Here are some process images of the piece I have in the EMULSION 2017 exhibition opening Friday, March 3 and closing March 16, 2017. I will be participating in an informal discussion on this piece on Thursday, March 9 sometime between 6:00 and 7:30pm.
The piece is a ladder holding 10 containers (re)constructed from shards of broken vessels, arranged on seven levels in three columns. Inspired by concepts found in the Jewish mystical tradition, the piece comes from the conviction that something fundamentally destructive has happened and a rebuilding must be undertaken. The shard v
essels are strange and the original vessels—from which the shards came—are prosaic, kitschy, and often ugly. There is no pattern to follow to create the repair except for failed traditions and institutions, but still, something must be done. There is a pathetic absurdity to the objects and the enterprise; still, the stakes are high and humans must continue to be present and act in the world even when the presence of good is hidden.
Nice shadows! “PRESENCE: assembling the shards” in the PEPCO Edison Place Gallery at 702 8th Street NW, Washington DC
Starting with thrift store knick knacks. In the Jewish tradition, creation was a “Shattering of the Vessels” when the originating power (in a “Big Bang”) could not be contained, and the shards of these primal vessels were dropped into the world. For the purposes of this sculpture I imagine that any object in the world could be a shard of the primordial vessel, especially things which are separated from their original purpose.
Shards. The vessels were simpler to destroy than to assemble. The shards, themselves polluted, are said to function as containers to protect the sparks of power scattered in the world. For more about “shards” in Kabbalah (Qliphoth) see this article.
Creating vessels from the shards. I combined shards from different vessels to make the new vessels.
Building in stages. I experimented with different adhesives. I didn’t try to make them look perfect. I felt like the enterprise was pathetic. I matched up similar edges.
I scribed words into lead sheets scavenged from wine bottles. There is a long tradition, most evident in ancient Roman archeology, of magic words being written on lead sheets and thrown into wells and other contained spaces.
There are ten aspects to the sparks hidden in the world, along with ten opposites that stand in tension with them. These aspects are represented by the words scribed into the lead and attached with a chain to their opposite inside the vessel, hanging inside and out in a similar way to how a label connects to a tea bag.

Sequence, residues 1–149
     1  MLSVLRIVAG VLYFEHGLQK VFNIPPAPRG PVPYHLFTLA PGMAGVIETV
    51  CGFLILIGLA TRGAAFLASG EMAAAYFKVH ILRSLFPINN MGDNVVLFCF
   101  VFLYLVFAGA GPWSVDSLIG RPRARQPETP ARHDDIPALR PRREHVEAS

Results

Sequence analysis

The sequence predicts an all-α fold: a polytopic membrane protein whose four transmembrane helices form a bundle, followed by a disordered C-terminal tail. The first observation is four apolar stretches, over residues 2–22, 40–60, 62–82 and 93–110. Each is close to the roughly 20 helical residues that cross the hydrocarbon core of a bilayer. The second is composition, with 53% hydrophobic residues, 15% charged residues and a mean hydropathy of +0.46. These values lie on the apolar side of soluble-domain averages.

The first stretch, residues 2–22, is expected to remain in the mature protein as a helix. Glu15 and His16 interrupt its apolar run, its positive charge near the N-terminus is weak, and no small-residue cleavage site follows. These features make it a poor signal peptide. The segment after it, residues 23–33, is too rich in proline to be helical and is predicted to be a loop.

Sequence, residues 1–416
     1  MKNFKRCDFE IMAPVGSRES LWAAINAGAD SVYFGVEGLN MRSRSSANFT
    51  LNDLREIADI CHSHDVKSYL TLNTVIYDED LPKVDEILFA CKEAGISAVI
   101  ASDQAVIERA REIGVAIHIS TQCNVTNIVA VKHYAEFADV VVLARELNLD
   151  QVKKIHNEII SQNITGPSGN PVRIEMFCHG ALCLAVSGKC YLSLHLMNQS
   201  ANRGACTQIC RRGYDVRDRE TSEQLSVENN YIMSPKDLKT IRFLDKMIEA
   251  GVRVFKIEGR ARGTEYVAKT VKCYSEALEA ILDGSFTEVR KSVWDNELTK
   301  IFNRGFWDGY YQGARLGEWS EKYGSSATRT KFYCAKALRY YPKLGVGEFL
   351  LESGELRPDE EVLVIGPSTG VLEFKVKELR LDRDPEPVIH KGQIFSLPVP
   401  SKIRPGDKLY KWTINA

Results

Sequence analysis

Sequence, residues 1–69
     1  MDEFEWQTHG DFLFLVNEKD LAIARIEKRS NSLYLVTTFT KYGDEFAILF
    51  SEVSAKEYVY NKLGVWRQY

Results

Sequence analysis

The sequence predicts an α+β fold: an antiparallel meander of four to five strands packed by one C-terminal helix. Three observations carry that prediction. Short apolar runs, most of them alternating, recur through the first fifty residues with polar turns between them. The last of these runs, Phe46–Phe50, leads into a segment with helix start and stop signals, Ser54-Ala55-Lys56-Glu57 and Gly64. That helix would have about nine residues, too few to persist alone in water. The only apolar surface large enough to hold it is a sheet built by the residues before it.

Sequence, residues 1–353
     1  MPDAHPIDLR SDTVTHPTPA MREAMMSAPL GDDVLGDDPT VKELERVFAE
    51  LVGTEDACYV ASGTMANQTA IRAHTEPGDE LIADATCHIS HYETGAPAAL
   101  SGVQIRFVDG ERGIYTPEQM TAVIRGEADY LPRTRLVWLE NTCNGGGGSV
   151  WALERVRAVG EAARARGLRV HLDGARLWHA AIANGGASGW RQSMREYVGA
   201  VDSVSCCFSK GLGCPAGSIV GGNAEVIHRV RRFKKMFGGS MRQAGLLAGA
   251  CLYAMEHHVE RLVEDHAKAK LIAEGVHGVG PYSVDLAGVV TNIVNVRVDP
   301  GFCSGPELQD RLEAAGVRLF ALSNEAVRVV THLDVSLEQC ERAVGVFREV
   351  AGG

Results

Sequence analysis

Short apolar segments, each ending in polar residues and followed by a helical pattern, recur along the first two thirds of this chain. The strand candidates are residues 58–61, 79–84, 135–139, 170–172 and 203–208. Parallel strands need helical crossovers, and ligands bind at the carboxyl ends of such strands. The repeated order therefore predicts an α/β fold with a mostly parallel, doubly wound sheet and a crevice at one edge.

The word for the good aspect (e.g. ‘Beauty”) is hidden inside the vessel and the evil opposite (“Blame”) is hanging on the outside to name the evil shard-vessel.
In this way the good power in the world is shielded by the deformed vessels.
The ten aspects are traditionally depicted aligned in three columns with seven levels, as they are in the sculpture. The aspects are called “sefirot” and their arrangement is called the tree of life.
In this sculpture I arranged the sefirot like this, from top to bottom. 1. Error (Division Based on False Knowledge) encloses UNITY 2. Confusion encloses WISDOM 3. Secrecy encloses UNDERSTANDING 4. (Greed and) Waste encloses ABUNDANCE 5. Domination encloses STRENGTH 6. Blame encloses BEAUTY 7. Hatred encloses LOVE 8. Failure encloses SPLENDOUR 9. Pollution encloses CLARITY 10. Fear encloses ACTION
I was struck by how the words describing the divine and its opposite relate to the ideas of the #resistance
In the Jewish tradition, humans are tasked with the project of “Repairing the World.” This involves, along with proper actions, a being-present (“Here I Am,” says Abraham) with the holy presence of the sparks. The goal is to reunite the scattered sparks with the original power. The sparks are said to be the feminine aspect of the original, undifferentiated, power. This is how “Assembling the Shards” relates to the #FemalePowerProject.
The viewer of the sculpture is prompted to mark her own presence by taking a pebble from the bucket and placing it on the ladder. This is a practice relating to another Jewish tradition of placing a pebble on the tombstone when visiting a grave.
I assembled “Assembling” in the gallery last Wednesday. On March 9, sometime between 6:00pm and 7:30pm, I will give an informal 5 minute talk about this sculpture. I hope I don’t sound like a crazy person. I am not a Jewish mystic. I am an atheist artist of Jewish ethnicity. (A distinction without a difference?)